In less than a week, a little-known union leader with a Cork-born father and an Armagh-born mother has become Britain’s most talked about man.
ick Lynch, the pragmatic 60-year-old boss of the RMT, the UK’s railway workers’ union, has shattered any media interviewer trying to paint him as a dangerous Marxist, thanks to his simple answers and sharp retorts.
He spoke to the Sunday Independent This weekend.
Independent on Sunday: There’s been a lot of interest here about your Irish origins. Did your parents move to the UK before you were born?
Mick Lynch: My father, Jackie, was from Cork City. It was born in the early 1920s, just at the time of the partition, right in the city center, on the quays. My mother, Ellen or ‘Nellie’ Morris, came from a farm in a township outside Crossmaglen in South Armagh. They both came to the UK during the Second World War, in 1941 and 1942. They have since died.
IF: What kind of house did you grow up in?
ML: We were from West London, Paddington. This and Kilburn were the centers of the Irish community at this time. I was one of five children and we were raised by my parents in apartments on a social housing estate. We did all the traditional Irish stuff: Catholic primary school, Catholic secondary school. There were a lot of Irish in our community, but it was also very diverse.
IF: What are your memories of your upbringing?
ML: We were always well fed and well dressed, as you would expect of an Irish mother, but we had no ‘spare’ money. We’ve never had a family vacation together, for example. Sometimes a few of us went back to Ireland from time to time, but we never all went back together at the same time. It was difficult to manage with five children.
IF: What part of Ireland have you visited?
ML: Just before my father died, we went back to Cork — it was during Queen’s [Silver] Jubilee at the time . And I went several times with my mother to Crossmaglen during the Troubles when I was very young. When my father died in 1978, we moved back to Crossmaglen, as my uncle still owned the farm there.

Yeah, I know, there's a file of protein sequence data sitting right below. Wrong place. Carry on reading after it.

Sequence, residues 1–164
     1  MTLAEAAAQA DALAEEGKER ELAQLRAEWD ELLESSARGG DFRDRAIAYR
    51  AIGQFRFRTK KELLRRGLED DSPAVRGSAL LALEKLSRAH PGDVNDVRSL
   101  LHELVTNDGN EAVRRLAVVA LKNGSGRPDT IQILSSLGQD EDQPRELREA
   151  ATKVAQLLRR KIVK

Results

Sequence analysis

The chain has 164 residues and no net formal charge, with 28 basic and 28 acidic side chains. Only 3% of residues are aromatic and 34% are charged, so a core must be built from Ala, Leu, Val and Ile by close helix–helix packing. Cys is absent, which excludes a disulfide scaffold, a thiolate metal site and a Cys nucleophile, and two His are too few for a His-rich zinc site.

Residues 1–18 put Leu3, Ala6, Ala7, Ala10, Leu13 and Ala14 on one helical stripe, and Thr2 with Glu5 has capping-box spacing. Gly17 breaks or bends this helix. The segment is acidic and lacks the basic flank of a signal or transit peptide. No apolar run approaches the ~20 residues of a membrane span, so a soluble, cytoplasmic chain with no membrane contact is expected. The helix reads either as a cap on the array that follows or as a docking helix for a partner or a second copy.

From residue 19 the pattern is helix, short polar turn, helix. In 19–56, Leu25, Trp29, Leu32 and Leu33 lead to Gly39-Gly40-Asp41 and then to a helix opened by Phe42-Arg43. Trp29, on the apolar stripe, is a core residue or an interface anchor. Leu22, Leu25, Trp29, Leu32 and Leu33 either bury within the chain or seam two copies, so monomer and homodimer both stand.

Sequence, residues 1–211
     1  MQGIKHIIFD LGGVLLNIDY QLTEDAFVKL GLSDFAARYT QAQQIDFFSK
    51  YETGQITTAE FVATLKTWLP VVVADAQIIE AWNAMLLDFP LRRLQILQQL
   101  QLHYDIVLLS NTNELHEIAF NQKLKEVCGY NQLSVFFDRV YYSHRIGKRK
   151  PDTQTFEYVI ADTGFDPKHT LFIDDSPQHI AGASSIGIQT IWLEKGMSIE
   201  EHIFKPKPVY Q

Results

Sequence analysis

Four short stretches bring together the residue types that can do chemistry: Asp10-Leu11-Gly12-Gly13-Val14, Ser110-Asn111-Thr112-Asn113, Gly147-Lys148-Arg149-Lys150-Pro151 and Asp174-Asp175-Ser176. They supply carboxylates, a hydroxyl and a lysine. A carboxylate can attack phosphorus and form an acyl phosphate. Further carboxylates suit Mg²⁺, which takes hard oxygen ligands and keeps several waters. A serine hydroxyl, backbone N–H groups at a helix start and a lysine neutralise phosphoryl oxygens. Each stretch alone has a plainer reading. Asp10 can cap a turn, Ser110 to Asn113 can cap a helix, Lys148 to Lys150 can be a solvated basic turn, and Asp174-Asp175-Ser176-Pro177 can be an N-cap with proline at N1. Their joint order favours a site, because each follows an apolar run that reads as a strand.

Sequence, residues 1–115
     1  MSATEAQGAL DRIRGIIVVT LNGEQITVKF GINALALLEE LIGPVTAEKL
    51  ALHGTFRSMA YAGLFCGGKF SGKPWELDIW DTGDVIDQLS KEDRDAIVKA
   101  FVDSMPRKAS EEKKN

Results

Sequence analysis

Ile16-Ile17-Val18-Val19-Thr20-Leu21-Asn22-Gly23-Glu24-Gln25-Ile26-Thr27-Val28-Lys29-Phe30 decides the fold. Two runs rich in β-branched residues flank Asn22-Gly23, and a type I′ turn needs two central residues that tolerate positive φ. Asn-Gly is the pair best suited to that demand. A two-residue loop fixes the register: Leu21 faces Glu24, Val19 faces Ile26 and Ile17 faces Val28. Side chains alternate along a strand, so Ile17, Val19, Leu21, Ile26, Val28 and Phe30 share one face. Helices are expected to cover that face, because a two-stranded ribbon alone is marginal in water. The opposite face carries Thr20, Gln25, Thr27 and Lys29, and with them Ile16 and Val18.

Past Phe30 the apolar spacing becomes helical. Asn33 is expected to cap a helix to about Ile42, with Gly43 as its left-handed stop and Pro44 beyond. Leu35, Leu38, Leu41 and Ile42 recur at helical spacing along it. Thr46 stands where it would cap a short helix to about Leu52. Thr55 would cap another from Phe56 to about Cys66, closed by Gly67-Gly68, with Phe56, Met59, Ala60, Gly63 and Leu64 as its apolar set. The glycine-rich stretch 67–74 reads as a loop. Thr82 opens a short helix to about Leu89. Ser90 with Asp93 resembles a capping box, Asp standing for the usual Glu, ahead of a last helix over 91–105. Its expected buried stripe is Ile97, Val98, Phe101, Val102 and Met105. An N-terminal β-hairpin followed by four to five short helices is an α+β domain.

IF: Are there any values you received from your parents that have stayed with you?
ML: My father was a union representative. He wasn’t a massive militant, but he was a stubborn guy. He left school very early, just like my mother. It was very simple — we went to church every week. But I’m no longer Catholic – none of us are, I think.
My father went to the pub, my mother took care of the children. It was a very simple life, with the values of the Labor Party. I don’t want to pretend we were rabid activists – we weren’t, but we enjoyed a decent debate, what is now called the craic. A little atmosphere at home.
IF: Debates around the kitchen table?
ML: There was plenty of that. I had three older brothers, one older sister.
We have always been Labour, Socialists with a small “s”. They were not theoreticians. They just knew what their values were, which was always to stick together. We had a very tight-knit family.